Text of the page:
Wells will determine the role of coach Joe Philbin, his staff and Miami management in the case. One issue is whether anyone on the coaching staff ordered Incognito to toughen up Martin, who became a starter as a rookie in 2012 but played poorly at times. Martin has said people in the organization knew he was unhappy about comments teammates made to him, but he didn’t talk to Philbin about it. The 6-foot-5, 312-pound Martin abruptly left the team Oct. 28. He was briefly hospitalized and then joined his family in California and underwent counseling for emotional issues.
Incognito was suspended Nov. 3 and sat out the final eight games.
Both players have said they want to play in 2014.
, but it likely won’t be with the Dolphins. Incognito becomes a free agent this winter and will probably sign with another team, and Dolphins are expected to trade or release Martin, who has two years remaining on his contract.
Teammates said the two linemen seemed to be good friends, despite their contrasting backgrounds. Martin, 24, was a classics major at Stanford, while Incognito, 30, was kicked off his team at Nebraska and went on to develop a reputation as one of the NFL’s dirtiest players known for out-of-bounds behavior.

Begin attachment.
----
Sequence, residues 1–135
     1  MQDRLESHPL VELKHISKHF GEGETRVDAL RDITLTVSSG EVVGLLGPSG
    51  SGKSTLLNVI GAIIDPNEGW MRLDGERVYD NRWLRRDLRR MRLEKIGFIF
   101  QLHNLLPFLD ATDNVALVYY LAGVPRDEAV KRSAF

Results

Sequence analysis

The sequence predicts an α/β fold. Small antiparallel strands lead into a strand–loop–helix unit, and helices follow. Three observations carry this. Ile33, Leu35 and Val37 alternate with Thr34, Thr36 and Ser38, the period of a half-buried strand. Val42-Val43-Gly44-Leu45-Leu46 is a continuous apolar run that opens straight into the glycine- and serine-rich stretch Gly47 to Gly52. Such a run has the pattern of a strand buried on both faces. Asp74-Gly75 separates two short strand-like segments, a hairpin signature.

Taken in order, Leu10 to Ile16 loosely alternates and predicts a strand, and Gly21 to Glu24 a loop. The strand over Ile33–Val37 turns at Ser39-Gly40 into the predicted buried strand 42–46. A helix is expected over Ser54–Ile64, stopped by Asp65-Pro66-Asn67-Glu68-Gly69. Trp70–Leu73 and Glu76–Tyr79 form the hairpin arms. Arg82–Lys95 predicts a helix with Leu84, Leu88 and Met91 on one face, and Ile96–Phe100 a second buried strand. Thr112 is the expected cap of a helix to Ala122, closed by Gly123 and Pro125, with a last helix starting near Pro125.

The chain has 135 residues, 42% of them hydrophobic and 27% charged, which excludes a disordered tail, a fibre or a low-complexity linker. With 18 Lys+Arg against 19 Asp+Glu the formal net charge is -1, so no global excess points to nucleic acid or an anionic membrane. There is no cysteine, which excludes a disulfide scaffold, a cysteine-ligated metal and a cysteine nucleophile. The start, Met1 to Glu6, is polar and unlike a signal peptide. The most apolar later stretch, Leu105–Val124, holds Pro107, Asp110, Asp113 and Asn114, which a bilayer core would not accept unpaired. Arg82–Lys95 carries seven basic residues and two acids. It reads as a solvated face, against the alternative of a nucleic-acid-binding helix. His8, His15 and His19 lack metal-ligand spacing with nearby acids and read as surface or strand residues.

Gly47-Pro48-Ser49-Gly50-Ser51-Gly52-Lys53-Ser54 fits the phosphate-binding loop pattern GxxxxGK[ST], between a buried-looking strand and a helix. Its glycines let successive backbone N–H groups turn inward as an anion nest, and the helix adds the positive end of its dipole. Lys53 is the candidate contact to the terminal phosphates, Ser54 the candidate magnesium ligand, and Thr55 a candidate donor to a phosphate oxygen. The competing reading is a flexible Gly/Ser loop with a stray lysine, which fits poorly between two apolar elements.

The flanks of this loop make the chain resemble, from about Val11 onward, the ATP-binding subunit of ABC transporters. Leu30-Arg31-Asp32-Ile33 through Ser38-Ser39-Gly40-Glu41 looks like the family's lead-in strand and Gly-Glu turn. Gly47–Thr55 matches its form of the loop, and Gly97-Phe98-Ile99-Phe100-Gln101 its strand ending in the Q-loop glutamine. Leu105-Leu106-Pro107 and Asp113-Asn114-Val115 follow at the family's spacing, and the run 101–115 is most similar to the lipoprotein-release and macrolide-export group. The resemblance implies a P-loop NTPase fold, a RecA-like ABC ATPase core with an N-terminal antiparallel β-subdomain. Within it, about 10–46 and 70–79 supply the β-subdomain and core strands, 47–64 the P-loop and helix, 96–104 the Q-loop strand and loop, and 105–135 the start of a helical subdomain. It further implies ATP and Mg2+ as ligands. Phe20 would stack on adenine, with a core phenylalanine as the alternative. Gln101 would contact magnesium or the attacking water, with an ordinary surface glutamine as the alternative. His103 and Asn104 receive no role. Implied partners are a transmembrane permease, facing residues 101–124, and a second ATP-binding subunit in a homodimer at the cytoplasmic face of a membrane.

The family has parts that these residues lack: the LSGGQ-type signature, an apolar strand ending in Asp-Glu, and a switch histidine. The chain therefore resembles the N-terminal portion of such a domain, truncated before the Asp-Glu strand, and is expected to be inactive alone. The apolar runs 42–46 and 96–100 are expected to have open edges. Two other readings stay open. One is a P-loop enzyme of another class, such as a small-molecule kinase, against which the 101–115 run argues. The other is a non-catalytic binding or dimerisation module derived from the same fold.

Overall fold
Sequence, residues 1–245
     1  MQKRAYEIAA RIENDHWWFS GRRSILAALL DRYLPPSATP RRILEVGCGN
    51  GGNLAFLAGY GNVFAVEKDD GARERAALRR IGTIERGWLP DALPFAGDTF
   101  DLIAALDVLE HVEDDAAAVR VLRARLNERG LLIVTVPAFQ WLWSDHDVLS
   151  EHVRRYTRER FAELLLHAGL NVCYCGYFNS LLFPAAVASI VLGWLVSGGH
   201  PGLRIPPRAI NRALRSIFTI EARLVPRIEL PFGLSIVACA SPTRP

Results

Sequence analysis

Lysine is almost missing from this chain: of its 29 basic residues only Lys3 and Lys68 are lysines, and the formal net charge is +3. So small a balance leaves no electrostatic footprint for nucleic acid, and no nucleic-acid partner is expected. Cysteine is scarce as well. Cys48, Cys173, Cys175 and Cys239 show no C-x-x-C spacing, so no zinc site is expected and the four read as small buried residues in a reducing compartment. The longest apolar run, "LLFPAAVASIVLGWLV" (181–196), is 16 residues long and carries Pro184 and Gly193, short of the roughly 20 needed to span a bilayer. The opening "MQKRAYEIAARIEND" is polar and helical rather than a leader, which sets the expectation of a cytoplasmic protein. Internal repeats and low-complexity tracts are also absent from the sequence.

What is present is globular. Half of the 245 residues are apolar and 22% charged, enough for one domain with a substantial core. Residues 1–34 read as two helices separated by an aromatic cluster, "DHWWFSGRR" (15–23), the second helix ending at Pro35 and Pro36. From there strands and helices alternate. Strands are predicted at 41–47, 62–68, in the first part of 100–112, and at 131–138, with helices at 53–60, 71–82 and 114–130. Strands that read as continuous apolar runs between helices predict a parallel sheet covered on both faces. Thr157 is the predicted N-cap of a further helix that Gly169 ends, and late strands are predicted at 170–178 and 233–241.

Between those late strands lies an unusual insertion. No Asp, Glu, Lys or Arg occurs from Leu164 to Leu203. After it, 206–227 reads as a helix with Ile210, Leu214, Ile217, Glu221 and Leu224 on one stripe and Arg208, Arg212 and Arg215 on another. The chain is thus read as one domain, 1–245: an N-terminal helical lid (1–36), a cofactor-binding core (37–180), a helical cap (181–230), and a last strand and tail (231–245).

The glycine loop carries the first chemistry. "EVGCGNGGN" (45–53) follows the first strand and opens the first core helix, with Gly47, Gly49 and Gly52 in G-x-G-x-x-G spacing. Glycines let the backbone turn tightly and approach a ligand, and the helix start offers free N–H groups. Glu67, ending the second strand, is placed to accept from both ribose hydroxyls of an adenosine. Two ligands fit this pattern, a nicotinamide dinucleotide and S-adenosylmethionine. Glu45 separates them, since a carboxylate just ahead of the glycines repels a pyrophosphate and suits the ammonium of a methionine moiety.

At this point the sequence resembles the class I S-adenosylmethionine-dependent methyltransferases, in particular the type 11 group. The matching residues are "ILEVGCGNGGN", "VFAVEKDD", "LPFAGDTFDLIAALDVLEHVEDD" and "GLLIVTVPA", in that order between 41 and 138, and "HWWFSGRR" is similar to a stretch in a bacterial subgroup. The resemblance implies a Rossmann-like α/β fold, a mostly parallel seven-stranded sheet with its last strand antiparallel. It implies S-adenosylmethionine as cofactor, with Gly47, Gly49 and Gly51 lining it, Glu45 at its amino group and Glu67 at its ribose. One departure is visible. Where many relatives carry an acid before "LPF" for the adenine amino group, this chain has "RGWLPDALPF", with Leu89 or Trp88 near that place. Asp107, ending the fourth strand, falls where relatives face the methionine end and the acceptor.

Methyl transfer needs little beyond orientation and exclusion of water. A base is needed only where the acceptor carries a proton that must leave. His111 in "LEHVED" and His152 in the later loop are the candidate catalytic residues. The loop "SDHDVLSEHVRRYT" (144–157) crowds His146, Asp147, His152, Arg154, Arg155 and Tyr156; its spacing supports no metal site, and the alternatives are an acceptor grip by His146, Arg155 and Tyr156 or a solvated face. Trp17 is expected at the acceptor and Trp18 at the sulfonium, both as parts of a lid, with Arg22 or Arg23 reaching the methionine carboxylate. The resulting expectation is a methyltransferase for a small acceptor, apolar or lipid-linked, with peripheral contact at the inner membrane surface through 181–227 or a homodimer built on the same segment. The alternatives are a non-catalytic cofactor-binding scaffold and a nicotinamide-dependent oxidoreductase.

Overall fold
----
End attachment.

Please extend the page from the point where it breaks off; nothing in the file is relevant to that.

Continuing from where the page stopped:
Incognito has said he regrets racist and profane language he used with Martin, but said it stemmed from a culture of locker-room “brotherhood,” not bullying. Incognito is white and Martin is black.
Teammates both black and white have said Incognito is not a racist, and they’ve been more supportive of the veteran guard than they have of Martin.
In November there were reports that Ross might clean house after the season. But Philbin was retained to return for a third season in 2014, and most of his staff remains, including offensive line coach Jim Turner, who worked most closely with Incognito and Martin.
General manager Jeff Ireland left the Dolphins in January after six seasons because of the team’s mediocre results, and because he clashed with Philbin over personnel decisions.